Women's health in NSW is improving overall, but there are still many communities and age groups suffering disproportionately.
The Health and Wellbeing report released by the NSW government provides a snapshot of the physical and mental health of women across the state.
The report also included a summary of government policy being implemented in response to the state's health issues.
"We need more of a focus on how we can change the conditions to make it easier for people to eat healthy food and be active," said Jo Mitchell, the executive director at the NSW government's Centre for Population Health.
Dr Mitchell said being overweight was a particularly important risk factor that required a community conversation.
"A small weight loss can make a big difference so it's worth pursuing those small changes. But if we're able to work with people to prevent unhealthy weight gain in the first place, that's going to be an easier approach."
Top causes of death for women in NSW:
- Cardiovascular diseases
- Respiratory diseases
- Mental and behaviour disorders
- Injury and poisoning
The leading cause of death differed depending on age. For women aged 25 to 44, the leading cause of death was injury and poisoning while for women between 45 and 74, cancer was the most common cause of death. For women 75 and older, cardiovascular disease was the biggest killer.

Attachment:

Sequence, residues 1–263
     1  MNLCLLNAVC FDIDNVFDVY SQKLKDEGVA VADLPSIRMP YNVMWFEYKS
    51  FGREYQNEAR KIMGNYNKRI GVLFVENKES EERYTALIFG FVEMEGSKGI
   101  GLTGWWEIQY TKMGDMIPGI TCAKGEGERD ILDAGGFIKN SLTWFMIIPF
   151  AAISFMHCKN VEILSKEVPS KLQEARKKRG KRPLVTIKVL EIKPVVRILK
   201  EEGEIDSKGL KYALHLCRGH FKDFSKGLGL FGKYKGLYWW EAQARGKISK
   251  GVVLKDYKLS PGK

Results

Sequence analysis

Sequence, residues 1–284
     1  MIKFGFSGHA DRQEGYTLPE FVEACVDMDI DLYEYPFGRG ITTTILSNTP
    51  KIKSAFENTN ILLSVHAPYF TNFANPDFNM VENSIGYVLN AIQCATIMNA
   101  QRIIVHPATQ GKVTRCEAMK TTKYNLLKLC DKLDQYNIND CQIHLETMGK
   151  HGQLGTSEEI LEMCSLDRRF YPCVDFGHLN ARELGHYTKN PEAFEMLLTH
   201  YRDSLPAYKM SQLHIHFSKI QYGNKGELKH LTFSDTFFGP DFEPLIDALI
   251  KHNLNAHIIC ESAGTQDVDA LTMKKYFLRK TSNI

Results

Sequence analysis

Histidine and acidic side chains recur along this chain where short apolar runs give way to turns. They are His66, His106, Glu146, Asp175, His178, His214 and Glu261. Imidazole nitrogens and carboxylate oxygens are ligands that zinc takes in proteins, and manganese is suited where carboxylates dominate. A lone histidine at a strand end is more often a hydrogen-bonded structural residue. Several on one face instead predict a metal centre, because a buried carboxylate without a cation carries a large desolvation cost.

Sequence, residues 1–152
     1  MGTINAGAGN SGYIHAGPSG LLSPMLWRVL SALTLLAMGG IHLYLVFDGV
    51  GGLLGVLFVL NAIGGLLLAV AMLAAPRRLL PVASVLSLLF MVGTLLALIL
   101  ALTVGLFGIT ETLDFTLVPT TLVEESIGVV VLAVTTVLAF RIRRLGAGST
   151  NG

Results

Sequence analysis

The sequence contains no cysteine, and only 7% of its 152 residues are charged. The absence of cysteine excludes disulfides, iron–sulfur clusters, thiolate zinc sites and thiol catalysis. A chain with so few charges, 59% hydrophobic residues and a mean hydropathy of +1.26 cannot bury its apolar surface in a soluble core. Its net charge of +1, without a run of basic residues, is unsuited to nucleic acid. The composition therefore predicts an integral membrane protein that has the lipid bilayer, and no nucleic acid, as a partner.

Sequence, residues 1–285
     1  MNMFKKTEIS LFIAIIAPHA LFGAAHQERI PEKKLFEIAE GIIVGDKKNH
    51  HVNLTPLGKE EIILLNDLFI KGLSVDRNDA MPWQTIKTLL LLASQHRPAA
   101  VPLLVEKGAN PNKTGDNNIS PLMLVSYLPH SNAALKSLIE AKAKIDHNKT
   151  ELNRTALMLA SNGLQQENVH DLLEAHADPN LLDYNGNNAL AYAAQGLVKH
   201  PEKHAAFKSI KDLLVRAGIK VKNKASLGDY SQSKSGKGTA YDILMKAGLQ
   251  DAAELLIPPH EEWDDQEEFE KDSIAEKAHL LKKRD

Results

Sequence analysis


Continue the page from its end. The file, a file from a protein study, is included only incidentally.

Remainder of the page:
Most common cancers among women in NSW:
- Breast cancer
- Colon cancer
- Lung cancer
- Uterine cancer
Cancer accounted for one quarter of deaths among women. The most common form of cancer was breast cancer which made up 29 per cent of new cancer diagnoses.
Smoking affects the health of 12 per cent of NSW women. Photo: Tamara Voninski
The rate of cancer among women rose by 12 per cent between 2000 and 2013, but the death rate declined slightly over the same period.
Young women and mental health
The report also highlighted the endemic nature of mental illness among young women. More than one in five women aged 16 to 24 reported experiencing high or very high psychological distress.
This was even more common for young women outside metropolitan areas or those from non-English-speaking backgrounds.
Aboriginal women being left behind
- Intentional self-harm hospitalisations (3 times more per capita than non-Aboriginal women)
- Coronary heart disease hospitalisations (1.7 times more per capita than non-Aboriginal women)
- Smoking during pregnancy (6 times more per capita than non-Aboriginal women)
- Failing to have a prenatal visit in the first 14 weeks of pregnancy (44 per cent vs 36 per cent for non-Aboriginal women)
"We know that the disparity between Aboriginal people and non-Aboriginal people is greater today than in the past," said Pauline DeWeerd, director of Aboriginal Health for the St Vincent's Health Network.
Ms DeWeerd said historical factors and geographical isolation prevent Aboriginal people from accessing health services and information.
"Hospitals were a place of dying for Aboriginal people in the past. They said goodbyes at the hospital doors.
"We still have a high number of Aboriginal people going to metropolitan hospitals for their major surgeries. It's a cost and a burden on them and their family."
Ms DeWeerd said health professionals needed to be given Aboriginal-specific sensitivity training. At St Vincent's, around 85 per cent of staff have undertaken Aboriginal cultural awareness training.
"There's a long way to go in training Australia's doctors to provide a culturally safe service to Aboriginal patients."